The three R’s for James Swanson, chief investment strategist for MFS Investment Management, are recession, rehab, and recovery.
A summary brief of his recent mid-year outlook, presented earlier this month, pinpoints these three themes looking toward the second half of this year. Swanson advises investors to continue to seek opportunity from large-cap companies with significant revenue from non-U.S. markets, as well as health and technology stocks, which are proven to do well in similar environments.
Swanson says the dance around whether we’re in a recession is null and void and “it doesn’t matter,’ the brief says. A high probability of recession is already priced into several markets: bank debt, high-yield bonds, credit swaps, adjustable preferred, as well as parts of the stock market.
The reason the economy is still breathing, the brief suggests, is because interest rates and the real interest rate are lower now than at the beginning of previous recessions. Additionally, inventories are low; companies did not stretch their hiring, spending, and leverage capacity; emerging countries are gaining a greater share of the world economy; and the bull market in commodities is “roaring.’
Swanson suggests equity investors should continue to favor large-cap companies that get most revenue from non-U.S. markets. He also points investors to technology and health care stocks—both of which have held up well in similar environments, the brief says. Also ranking high on Swanson’s “opportunity meter’ include bonds—municipal, high-grade corporate, and high-yield.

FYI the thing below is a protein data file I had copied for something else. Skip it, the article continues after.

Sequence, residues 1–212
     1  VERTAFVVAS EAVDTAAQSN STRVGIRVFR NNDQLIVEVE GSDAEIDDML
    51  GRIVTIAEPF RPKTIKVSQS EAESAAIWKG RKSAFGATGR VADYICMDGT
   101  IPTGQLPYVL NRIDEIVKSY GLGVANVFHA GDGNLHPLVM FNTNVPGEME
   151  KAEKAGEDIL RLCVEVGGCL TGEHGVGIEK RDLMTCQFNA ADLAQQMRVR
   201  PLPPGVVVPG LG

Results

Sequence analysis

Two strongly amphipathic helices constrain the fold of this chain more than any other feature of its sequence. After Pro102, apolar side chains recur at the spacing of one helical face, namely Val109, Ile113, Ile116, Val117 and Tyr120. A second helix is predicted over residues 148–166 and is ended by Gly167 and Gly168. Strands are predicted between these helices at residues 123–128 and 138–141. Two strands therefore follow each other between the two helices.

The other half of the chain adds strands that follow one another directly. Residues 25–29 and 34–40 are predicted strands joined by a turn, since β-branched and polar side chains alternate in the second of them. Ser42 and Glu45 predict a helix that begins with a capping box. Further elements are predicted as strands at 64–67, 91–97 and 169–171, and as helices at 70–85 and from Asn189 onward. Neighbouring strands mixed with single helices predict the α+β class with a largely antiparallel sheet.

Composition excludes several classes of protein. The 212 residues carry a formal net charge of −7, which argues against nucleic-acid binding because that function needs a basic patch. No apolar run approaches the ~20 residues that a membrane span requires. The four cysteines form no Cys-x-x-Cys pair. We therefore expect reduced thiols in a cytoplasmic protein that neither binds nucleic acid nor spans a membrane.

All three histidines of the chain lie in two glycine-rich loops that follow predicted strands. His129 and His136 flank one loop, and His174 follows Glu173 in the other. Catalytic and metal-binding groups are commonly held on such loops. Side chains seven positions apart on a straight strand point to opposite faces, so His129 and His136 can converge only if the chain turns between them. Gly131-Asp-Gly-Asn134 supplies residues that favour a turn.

Swanson suggests America needs to deflate its swelling credit problem. According to Bloomberg data cited in the presentation, the total U.S. credit to GDP ratio has rise to 3.45, meaning America finances nearly $3.50 to finance every dollar of GDP.
The presidential election could help economic recovery, as it historically rallies in the latter part of an election year. While the economy might be “at stall speed,’ the brief asserts that the low rates, falling housing prices, and Federal action to stabilize will lead to a “re-ignition,’ of the economy, with growth to come at the beginning of 2009.